Nancy Kuhl is the author of Suspend (2010) and The Wife of the Left Hand (2007). A chapbook, Little Winter Theater, was published in 2011. She is co-editor of Phylum Press, a small poetry publisher and Curator of Poetry of the Yale Collection of American Literature at the Beinecke Rare Book and Manuscript Library.
Rebecca Forgac was born in 1987 in Winchester, Massachusetts. She graduated from NYU with a BFA in 2010. Rebecca currently lives and works in Brooklyn.
Rebecca Forgac was nominated by Alex Jovanovich.
Richard Artschwager (b.1923; d. 2013) forever changed how we view and understand space and the everyday objects that occupy it. For more than four decades, Artschwager had a unique path in 20th century art by confounding its limits all the while making the visual comprehension of space and the everyday objects that occupy it strangely unfamiliar. Known for making art-sculpture, paintings, drawings and other objects since the 1950s, his work has been the subject of many important exhibitions, including the Whitney Museum of American Art, New York (1988 and 2012–13), the Centre Pompidou, Paris (1989), Deutsche Guggenheim, Berlin (2003), and the Kunstmuseum Winterthur (2003). His work is included in permanent collections of museums worldwide, including the Museum of Modern Art, New York, the Art Institute of Chicago, the Museum Ludwig Cologne, and the Fondation Cartier pour l’Art Contemporain, Paris. www.davidnolangallery.com/artists/richard-artschwager/Richard Artschwager was nominated by Bob Nickas.
Rinus Van de Velde was born in 1983 and lives and works in Antwerp. His practice mainly consists of drawings that hearken back to a personal archive of photographs derived from vulgarizing scientific magazines such as National Geographic or from biographies of artists and scientists. Lately, he often re-enacts found footage or even stages nonexistent scenes in photographs, which he uses as source material.
Van de Velde's overtly narrative drawings are confronted with texts in installations that tell a new and personal story. This fiction takes place in a mirror universe that is peopled by courageous alter egos and who serve as ideal representatives of the actual artist. At the same time, this drawn world is delineated by its own subjectivity: it can be nothing but a fantasy, a fiction, and so beyond its borders lies the great nothingness of the “real” world.
Sadie Laska is an artist and musician, originally from West Virginia, now living and working in Brooklyn New York. She is one half of the drum duo, I.U.D which has performed at numerous museums, galleries and art venues throughout the world, including PS1 Contemporary Art Center, New York, the Astrup Fearnley Museum of Art, Oslo and the Whitney Museum of American Art, New York. Sadie is also a member of the band experimental noise band Growing. She has curated numerous shows, performances and music events in New York and works with the gallery CANADA. Recently, Sadie had her first solo show at Galerie Bernard Ceysson in Paris and is preparing a collaborative show this spring with I.U.D at Le Confort Moderne in Poitiers, France. She will complete her MFA in painting at Bard College this summer.
Sadie Laska was nominated by Trinie Dalton.
Sarah Ortmeyer is a graduate of the Städelschule in Frankfurt, Germany, where she studied with professors Wolfgang Tillmans and Simon Starling. She holds a M.A. from the Bauhaus-based Hochschule für Gestaltung in Offenbach and is currently finishing a Ph.D. on politics and chess under the tutelage of Burghart Schmidt, Kitsch expert and professor for language and aesthetics in Vienna.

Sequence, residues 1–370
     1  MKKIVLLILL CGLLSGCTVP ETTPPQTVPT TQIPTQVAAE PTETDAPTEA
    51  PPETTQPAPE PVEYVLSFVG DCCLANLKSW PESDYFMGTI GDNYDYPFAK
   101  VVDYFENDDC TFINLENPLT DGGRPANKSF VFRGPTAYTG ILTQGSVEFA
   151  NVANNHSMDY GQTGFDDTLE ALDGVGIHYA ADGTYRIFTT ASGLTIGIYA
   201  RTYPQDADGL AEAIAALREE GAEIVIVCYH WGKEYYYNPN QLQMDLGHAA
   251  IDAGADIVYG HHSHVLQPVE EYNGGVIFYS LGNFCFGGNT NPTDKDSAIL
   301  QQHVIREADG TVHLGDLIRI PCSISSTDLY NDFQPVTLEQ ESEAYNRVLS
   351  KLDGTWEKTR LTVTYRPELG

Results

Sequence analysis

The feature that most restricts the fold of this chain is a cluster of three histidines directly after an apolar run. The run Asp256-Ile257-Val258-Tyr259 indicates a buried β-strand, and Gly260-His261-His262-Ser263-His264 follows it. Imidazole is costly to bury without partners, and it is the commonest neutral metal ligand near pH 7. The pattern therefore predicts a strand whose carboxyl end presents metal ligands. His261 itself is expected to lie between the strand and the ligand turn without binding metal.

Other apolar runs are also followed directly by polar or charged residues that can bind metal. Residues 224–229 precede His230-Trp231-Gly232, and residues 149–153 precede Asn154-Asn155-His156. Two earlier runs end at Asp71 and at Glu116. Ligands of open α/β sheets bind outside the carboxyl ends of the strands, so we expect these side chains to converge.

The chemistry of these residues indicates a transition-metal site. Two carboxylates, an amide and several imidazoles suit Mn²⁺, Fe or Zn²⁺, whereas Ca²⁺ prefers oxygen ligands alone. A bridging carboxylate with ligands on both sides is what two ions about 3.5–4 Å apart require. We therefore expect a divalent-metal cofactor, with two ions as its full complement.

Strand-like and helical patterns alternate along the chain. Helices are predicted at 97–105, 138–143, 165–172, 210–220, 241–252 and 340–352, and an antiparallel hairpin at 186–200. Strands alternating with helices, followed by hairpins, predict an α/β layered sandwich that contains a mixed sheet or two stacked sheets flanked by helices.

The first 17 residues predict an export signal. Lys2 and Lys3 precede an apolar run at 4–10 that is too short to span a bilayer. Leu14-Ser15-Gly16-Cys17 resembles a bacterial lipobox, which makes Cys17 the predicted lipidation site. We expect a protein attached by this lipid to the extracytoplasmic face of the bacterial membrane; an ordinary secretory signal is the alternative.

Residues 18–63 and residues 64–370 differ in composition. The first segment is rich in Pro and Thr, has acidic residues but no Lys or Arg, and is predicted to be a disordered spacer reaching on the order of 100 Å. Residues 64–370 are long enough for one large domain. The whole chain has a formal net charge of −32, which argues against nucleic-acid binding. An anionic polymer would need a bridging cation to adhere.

Here a selection of recent Institutional Exhibitions:
She has published on various subjects, such as: Chess and Working Class (Springer, Vienna), The Chasing of Shiloh Jolie–Pitt as a Boy and Lesbian, (Cura Magazine, Rome), The Wittgenstein House (Gruner + Jahr, Hamburg), and Volvo Car Repair (Verlag der Buchhandlung Walther König, Cologne)
Sarah Rara is a Los Angeles-based artist working with film, video, performance, and photography. She is a contributing member of the band Lucky Dragons. Her work, solo and in collaboration, has been presented at such institutions as the Whitney Museum of American Art (as part of the 2008 Whitney Biennial), the Centre Georges Pompidou, the Walker Art Center in Minneapolis, London's Institute for Contemporary Art, the Los Angeles County Museum of Art, MOCA Los Angeles, and the Smithsonian's Hirshhorn Museum and Sculpture Garden, among others. She received a MFA from the University of Southern California in 2011.
Born in Lyon, France in May 1983, Woodkid grew up in a captivating environment full of World War II stories and traveling to his family's roots in Eastern Europe. He studied illustration and animation at the Emile Cohl School before landing jobs on Luc Besson's Arthur, The Invisibles and Sofia Coppola's Marie Antoinette. Stepping out from behind the camera, Woodkid became one of the few video directors to embark on a recording career of his own. In between shooting promos for the likes of Katy Perry ("Teenage Dream"), Taylor Swift ("Back to December"), Lana Del Rey ("Born to Die," "Blue Jeans"), and Drake and Rihanna's ("Take Care"), he recorded the Iron EP and the Run Boy Run EP, won the MVPA Award for Best Director of the Year, and started work on his debut album, The Golden Age, scheduled for release on March 18th, 2013. Look out for WoodKid's exclusive mixtape for Dream The End.